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Panthers snap Habs' streak behind Vokoun's 40 saves

by Arpon Basu

MONTREAL - Peter DeBoer pushed all the right buttons to get his Florida Panthers a much-needed win and cool off the red-hot Montreal Canadiens.

He scratched Shawn Matthias two games earlier, did the same to Michal Frolik for a 5-3 loss in Ottawa on Thursday and benched David Booth in the third period of that game.

All three players responded with goals Saturday night and Tomas Vokoun broke out of his recent funk with 40 saves as the Panthers halted the Canadiens four-game win streak with a 3-1 victory at the Bell Centre.

"We got the response we wanted after the Ottawa game and that was important," said DeBoer, who was informed by a reporter afterwards that it was his first career win in Montreal on his fifth try. "We went off the map a little and instead of skating (Friday) we took the day off to get ready for tonight. I thought the guys responded with a real gritty effort."

The Panthers (4-5-0), who snapped a two-game losing streak, are the League's least-penalized team but they needed their penalty-killers to come up big to get the win.

They shut out the Canadiens' struggling power play on five chances, including a 5-on-3 for 1:25 to start the third period -- a span in which Vokoun had to be sharp to maintain what was then a one-goal lead.

But he got some help from defenseman Dennis Wideman, who got across to block what would have been a sure goal by Brian Gionta on a puck lying in the crease.

"I knew the puck was over there and there had to be one of their guys over there," said Wideman, who logged a team-high 23:45 of ice time. "So I just threw everything I had that way. I still don't really know how it stayed out."

Mathieu Darche scored the lone goal for the Canadiens (7-2-1) in the first game of the season for No. 1 defenseman Andrei Markov.

Markov got a nice hand from the usual sellout crowd of 21,273 when he took his first few shifts, and his presence on Montreal's 29th-ranked power play made it appear a bit more dangerous even if it didn't score.

Markov was not at all eased into action - logging 23:03 of ice time - and he appeared to want to make up for the 10 games he missed in one shot, jumping into the rush with regularity. But his timing looked a bit off as his usually pinpoint breakout passes often missed their target and he got caught up ice on a couple of occasions.

"I was lost a little bit, it's much different compared to practice," said Markov, whose last game action was April 30, when he injured his knee in the playoffs. "In the first period it was a little tough, but in the second and third I felt better."

Oddly, when Montreal had that 5-on-3 power play and trailed by a goal, Markov was not used.

He was asked afterwards why that was and he referred the question to coach Jacques Martin, who said he was happy with the work done by his unit of Gionta, Andrei Kostitsyn, Tomas Plekanec, P.K. Subban and Michael Cammalleri on the point.

"We had some chances," Martin said. "We just didn't capitalize."

Vokoun entered the game with one win and 12 goals allowed on only 84 shots in his previous three starts, but he bounced back beautifully against the Canadiens, the team that drafted him in the ninth round back in 1994.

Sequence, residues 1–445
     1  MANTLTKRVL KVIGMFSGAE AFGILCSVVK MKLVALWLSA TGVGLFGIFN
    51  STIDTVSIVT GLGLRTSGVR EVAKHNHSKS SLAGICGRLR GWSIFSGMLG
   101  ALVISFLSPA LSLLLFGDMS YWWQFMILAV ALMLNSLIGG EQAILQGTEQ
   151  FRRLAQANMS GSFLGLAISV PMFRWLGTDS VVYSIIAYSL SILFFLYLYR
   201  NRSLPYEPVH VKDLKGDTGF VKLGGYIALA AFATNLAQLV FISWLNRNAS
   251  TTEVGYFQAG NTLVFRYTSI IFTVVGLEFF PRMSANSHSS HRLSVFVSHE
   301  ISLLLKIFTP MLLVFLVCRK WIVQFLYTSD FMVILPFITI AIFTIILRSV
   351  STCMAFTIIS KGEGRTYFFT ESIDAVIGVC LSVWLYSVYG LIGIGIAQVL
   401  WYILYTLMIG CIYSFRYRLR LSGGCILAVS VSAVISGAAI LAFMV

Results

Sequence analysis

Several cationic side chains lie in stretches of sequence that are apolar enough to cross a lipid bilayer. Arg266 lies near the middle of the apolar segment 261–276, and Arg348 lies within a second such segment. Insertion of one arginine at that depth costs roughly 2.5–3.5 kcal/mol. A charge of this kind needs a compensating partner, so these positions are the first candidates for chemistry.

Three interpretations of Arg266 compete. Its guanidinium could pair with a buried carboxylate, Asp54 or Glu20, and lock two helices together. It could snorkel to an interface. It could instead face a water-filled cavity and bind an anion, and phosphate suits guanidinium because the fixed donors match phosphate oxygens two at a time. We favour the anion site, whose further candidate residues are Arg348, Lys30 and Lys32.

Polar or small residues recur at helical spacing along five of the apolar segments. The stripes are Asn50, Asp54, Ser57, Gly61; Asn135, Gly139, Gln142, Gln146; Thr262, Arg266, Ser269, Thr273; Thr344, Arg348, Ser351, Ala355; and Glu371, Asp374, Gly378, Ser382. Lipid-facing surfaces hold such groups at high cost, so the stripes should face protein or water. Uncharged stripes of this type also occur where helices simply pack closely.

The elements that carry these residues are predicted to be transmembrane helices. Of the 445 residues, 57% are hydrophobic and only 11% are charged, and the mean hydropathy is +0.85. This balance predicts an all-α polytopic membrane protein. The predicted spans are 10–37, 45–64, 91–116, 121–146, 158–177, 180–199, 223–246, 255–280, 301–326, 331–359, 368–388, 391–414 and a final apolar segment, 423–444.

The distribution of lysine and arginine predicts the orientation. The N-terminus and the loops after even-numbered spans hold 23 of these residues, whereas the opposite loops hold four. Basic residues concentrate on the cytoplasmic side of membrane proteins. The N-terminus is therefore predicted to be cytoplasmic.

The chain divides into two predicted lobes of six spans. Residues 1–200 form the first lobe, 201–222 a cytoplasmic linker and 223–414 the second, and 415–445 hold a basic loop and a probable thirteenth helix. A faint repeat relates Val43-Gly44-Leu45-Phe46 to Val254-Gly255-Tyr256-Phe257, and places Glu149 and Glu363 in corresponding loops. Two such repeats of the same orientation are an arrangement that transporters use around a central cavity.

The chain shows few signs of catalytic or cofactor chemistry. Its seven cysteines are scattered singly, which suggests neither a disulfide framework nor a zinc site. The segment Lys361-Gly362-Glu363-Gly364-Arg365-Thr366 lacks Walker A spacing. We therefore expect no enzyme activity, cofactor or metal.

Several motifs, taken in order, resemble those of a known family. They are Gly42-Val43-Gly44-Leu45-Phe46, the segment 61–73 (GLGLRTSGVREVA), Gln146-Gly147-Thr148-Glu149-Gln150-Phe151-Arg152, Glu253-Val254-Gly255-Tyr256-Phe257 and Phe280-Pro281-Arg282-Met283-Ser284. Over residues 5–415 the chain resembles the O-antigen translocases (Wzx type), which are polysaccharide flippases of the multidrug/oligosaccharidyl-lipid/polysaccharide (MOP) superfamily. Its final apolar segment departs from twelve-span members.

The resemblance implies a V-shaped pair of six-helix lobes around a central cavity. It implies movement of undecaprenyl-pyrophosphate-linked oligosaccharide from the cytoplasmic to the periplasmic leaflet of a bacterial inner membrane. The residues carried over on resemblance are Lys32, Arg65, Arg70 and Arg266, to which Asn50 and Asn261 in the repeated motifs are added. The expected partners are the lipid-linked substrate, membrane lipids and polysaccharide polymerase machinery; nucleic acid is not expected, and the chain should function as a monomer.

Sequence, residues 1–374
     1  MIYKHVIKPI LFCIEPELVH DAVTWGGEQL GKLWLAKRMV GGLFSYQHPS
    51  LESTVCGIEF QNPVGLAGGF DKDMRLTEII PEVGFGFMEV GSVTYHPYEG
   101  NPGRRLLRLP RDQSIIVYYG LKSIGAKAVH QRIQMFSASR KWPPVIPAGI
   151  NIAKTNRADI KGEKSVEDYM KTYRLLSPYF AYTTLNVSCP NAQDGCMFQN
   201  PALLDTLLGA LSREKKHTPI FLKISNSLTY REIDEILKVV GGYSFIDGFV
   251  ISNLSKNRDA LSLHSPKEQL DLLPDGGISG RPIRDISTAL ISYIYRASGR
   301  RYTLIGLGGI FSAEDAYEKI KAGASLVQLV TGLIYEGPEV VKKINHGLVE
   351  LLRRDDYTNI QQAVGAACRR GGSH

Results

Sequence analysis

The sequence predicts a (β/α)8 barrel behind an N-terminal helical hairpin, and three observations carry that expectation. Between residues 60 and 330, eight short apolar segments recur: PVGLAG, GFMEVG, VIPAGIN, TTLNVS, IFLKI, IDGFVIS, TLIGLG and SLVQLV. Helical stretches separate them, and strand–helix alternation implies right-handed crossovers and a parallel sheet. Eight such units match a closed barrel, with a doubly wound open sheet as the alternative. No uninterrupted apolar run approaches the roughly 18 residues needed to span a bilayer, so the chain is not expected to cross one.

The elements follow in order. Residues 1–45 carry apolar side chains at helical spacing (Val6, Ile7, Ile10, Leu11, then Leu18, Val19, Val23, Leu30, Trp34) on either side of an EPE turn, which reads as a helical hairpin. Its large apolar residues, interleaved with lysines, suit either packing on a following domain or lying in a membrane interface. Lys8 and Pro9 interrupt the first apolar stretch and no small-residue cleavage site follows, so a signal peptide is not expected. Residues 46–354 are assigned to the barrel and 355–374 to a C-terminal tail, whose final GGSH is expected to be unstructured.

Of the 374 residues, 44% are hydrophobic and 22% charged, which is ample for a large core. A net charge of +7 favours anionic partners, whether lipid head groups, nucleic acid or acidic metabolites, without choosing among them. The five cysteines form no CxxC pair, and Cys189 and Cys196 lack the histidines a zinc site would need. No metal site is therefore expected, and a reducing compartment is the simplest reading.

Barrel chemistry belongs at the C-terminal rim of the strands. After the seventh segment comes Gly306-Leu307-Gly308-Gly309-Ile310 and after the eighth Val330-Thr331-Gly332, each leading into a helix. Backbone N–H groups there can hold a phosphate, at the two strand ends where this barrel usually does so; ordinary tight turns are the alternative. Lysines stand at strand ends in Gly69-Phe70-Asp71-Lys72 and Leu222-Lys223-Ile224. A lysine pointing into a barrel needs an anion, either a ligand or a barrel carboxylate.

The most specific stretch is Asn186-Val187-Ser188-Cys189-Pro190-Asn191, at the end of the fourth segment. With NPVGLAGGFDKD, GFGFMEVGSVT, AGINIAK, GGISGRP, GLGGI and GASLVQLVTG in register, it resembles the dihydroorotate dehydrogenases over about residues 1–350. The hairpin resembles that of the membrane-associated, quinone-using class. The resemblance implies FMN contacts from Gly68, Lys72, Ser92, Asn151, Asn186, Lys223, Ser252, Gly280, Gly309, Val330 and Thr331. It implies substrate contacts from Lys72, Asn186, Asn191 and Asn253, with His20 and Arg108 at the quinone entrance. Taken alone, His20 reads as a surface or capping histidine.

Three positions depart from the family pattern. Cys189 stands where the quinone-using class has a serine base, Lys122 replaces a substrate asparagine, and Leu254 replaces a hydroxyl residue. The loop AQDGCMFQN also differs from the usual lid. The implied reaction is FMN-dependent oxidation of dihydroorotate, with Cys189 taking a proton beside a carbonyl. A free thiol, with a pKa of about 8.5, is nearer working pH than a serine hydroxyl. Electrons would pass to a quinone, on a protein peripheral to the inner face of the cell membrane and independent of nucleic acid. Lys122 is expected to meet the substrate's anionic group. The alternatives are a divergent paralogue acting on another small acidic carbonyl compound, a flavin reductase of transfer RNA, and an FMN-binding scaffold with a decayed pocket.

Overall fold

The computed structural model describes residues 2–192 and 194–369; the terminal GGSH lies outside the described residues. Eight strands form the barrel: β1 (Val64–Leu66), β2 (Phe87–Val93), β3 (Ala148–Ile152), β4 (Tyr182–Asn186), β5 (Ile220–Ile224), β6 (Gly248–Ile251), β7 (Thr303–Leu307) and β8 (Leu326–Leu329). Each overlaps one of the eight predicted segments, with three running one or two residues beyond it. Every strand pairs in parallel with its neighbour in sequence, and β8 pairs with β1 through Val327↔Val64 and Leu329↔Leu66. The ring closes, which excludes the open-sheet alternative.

He was particularly good on another Canadiens power play late in the third, robbing Cammalleri on a rebound chance from point-blank range to maintain Florida's one-goal margin.

Matthias put a rebound past Carey Price moments afterwards at 16:38 of the third to make it 3-1 Panthers.

"Give the credit to Vokoun, he played well," said Plekanec, Vokoun's teammate on the Czech Republic team in the 2010 Winter Olympics. "He made some very strong saves throughout the whole game."

Price made 28 stops, including a spectacular one on Booth's breakaway in the second period.

Frolik's goal in the first period showed some craftiness, as Price made a great glove save on his one-timer from the slot but he managed to roof a backhand in off the rebound at 12:10 for his first of the season.

Darche tied it early in the second on a heady play of his own, driving out from behind the net and banking it in off Vokoun for his second in three games.

Booth got the winner on a penalty shot after being hauled down on a breakaway by Jaroslav Spacek. He threw a deke on Price before roofing a forehand for his fourth of the season at 11:19 of the second.

"I just wanted to get him moving side to side because he usually stops the first shot," Booth said. "It worked."

The Panthers got some bad news prior to the game when top center Stephen Weiss went down to an ankle injury suffered while kicking a soccer ball around in the Bell Centre hallways prior to the morning skate.

But they played a strong road game in his absence, bottling the Canadiens up in the neutral zone and relying on Vokoun to be there when Montreal was able to pierce through the defense.

"It was obviously a much better effort, a grittier performance," DeBoer said. "We did what we had to do on the road and got great goaltending."

The Canadiens handled Markov's absence much better than they have in recent years with a 7-2-1 mark. Since 2005 the Canadiens had been 19-36-6 in the 61 games Markov missed to injury, including a 14-20-3 regular season record last year as the defenseman missed most of the first half with a severed tendon in his foot.

Montreal went 5-6 in the playoffs after Markov tore the ACL in his right knee on a clean hit by Matt Cooke in Game 1 of the second round against Pittsburgh.

Despite the loss, the Canadiens still completed a busy week with three wins in four games and Martin is happy with what he's seeing from his club.

"We need to make some adjustments but you have to stay positive," Martin said. "We got six out of eight points this week. But we had a chance to get all eight."

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